This week (Sep 19th – Sep 25th), we celebrate the Recycle Week, the UK’s largest recycling campaign dating back to 2004. To celebrate such a special occasion, we have prepared this blog post to raise awareness about recycling and the meaning behind the symbols you can find on the packaging of many products.
We start with perhaps the most well-known recycling symbol, the Mobius loop. Surely you are familiar with this symbol, but you didn’t even know it had a name. Well, now you know it! This symbol is used to indicate that a product can be recycled, but not necessarily has been made from recycled materials. When that’s the case, the symbol will have a percentage figure inside the loop indicating the proportion of the product made from recycled materials.
We continue with another familiar symbol, the Green Dot. The Green Dot is a protected trademark that producers can include in their packaging when they pay a financial contribution to a qualified national packaging recovery organisation set up in accordance with the principles defined in European Packaging and Packaging Waste Directive 94/62 and the respective national law.
Next, there’s the On-Pack Recycling Label (OPRL), a scheme that provides simple and easy to understand recycling guidelines on many products’ packaging. These labels provide a clear advice to consumers so they can reuse and recycle packaging correctly and more often. The main labels are:
- Widely Recycled: it means that packaging is collected for recycling by at least 75% of the local authorities in the UK.
- Check Locally: packaging containing this label are collected by less than 75% of local authorities, but more than 20%, making it recommendable to check whether your local council is one of them.
- Not Yet Recycled: indicates that less than 20% of local authorities collect this packaging for recycling.
In addition, the label can contain instructions and parts of the packaging like the word “Rinse”, indicated to remove any residue from the packaging before recycling, or “Flatten, Cap On” in the case of plastic bottles to reduce cost and environmental impact.
The following symbol certifies that the packaging is compostable in an industrial composting facility. It can be disposed of with the general waste or the garden waste, but it should not be placed in the recycling bin as they are not designed to be repurposed.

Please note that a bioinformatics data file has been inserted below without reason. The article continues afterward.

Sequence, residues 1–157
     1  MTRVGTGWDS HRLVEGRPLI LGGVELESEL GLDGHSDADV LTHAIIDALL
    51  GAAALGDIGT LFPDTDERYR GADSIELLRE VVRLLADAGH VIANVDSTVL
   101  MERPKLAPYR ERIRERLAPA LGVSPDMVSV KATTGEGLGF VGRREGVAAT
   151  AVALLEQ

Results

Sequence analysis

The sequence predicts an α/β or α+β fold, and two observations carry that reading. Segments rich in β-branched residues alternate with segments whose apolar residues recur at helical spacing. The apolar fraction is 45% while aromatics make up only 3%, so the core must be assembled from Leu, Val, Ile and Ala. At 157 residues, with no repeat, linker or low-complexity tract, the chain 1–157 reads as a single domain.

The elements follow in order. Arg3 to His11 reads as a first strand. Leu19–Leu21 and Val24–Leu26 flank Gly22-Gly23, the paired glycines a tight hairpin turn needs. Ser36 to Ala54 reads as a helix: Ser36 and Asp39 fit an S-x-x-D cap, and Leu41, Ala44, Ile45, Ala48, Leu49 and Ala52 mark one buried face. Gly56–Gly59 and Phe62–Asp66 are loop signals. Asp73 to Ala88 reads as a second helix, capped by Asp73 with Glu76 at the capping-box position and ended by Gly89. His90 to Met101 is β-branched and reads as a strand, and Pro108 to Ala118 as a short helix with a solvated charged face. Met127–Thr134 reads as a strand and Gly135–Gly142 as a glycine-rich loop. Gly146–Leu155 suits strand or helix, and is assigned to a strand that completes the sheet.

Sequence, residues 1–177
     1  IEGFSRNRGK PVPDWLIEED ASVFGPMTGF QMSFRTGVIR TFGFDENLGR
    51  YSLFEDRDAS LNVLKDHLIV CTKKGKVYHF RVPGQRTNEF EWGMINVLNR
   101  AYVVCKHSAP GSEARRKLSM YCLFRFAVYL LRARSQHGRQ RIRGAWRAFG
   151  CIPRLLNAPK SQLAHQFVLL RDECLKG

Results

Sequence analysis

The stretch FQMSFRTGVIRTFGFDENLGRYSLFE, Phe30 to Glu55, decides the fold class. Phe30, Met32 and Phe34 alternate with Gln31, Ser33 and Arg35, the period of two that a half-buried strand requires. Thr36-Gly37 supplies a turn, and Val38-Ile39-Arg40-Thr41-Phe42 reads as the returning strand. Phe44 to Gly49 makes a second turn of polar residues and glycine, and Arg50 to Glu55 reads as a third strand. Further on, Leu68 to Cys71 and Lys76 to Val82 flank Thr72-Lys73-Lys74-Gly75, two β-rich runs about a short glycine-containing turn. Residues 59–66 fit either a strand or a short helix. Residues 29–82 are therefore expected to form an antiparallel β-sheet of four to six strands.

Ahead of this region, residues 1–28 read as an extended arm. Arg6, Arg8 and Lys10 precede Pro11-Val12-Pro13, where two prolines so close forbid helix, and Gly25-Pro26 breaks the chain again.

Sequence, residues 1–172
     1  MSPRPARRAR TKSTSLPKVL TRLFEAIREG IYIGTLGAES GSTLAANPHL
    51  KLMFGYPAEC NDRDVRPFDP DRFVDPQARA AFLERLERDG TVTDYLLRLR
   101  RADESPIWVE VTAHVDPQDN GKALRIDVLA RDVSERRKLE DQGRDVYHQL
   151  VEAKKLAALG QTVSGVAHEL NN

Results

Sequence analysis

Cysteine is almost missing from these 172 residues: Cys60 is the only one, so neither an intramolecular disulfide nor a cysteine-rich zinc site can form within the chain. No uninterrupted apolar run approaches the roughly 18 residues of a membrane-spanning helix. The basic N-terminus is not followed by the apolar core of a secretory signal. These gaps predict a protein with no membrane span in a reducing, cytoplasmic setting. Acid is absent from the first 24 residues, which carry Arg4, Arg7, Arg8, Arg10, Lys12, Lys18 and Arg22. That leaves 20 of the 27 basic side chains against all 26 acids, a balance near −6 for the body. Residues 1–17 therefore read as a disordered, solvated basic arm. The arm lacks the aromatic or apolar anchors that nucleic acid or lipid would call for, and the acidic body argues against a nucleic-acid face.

This symbol simply indicates that the product is made from recyclable aluminium.
This FSC symbol is one that can be found in many of our wooden products. FSC stands for Forest Stewardship Council, an international non-profit organisation that promotes the environmentally appropriate, socially beneficial and economically viable management of the world's forests. In essence, it means that the material of the product comes from responsibly managed forests.
Who doesn’t know the Tidyman? First introduced in 1969, it is a reminder to dispose of any packaging in a responsible manner.
Another version of the Tidyman, only this time disposing of a glass bottle. Glass is infinitely recyclable and this symbol is a reminder to dispose of glass bottles responsibly so they can be recycled.
Finally, when it comes to recycling plastic, a code number is used in the symbol to indicate what kind of plastic the product is made from. As you may know, not all plastics are the same and not all of them are recyclable. They are categorised depending on the plastic resin used in the packaging and these categories range from 1 to 7. In a nutshell, the lower the number, the more recyclable it is.
- Polyethylene Terephthalate. It is widely recycled and it can be found commonly in single-used bottles, such as water bottles, soft drink bottles, ketchup bottles, cooking oil bottles,
- High-Density Polyethylene. It is widely recycled and it can be found in the packaging of many goods. These are shampoo bottles, detergent and bleach bottles, grocery bags…
- Polyvinyl Chloride. It is a hard and rigid plastic that can be recycled. It can be found in plumbing products, electrical cables and wire jacketing or window frames.
- Low-Density Polyethylene. It can be recycled and can be found in cling film, shopping bags, clear food containers like sandwich bags, and disposable packaging in general.
- Polypropylene. It is rarely recycled and it can be found in bottle caps and straws.
- Polystyrene or Styrofoam. It is rarely recycled and it can be found in disposable plastic cutlery and plates, meat trays or foam packaging
- Other. Any other plastic that doesn’t fit in any of the previous categories belongs here. They are rarely recycled and includes a wide variety of items such as, computer, DVDs, phone cases, car parts or bulletproof materials.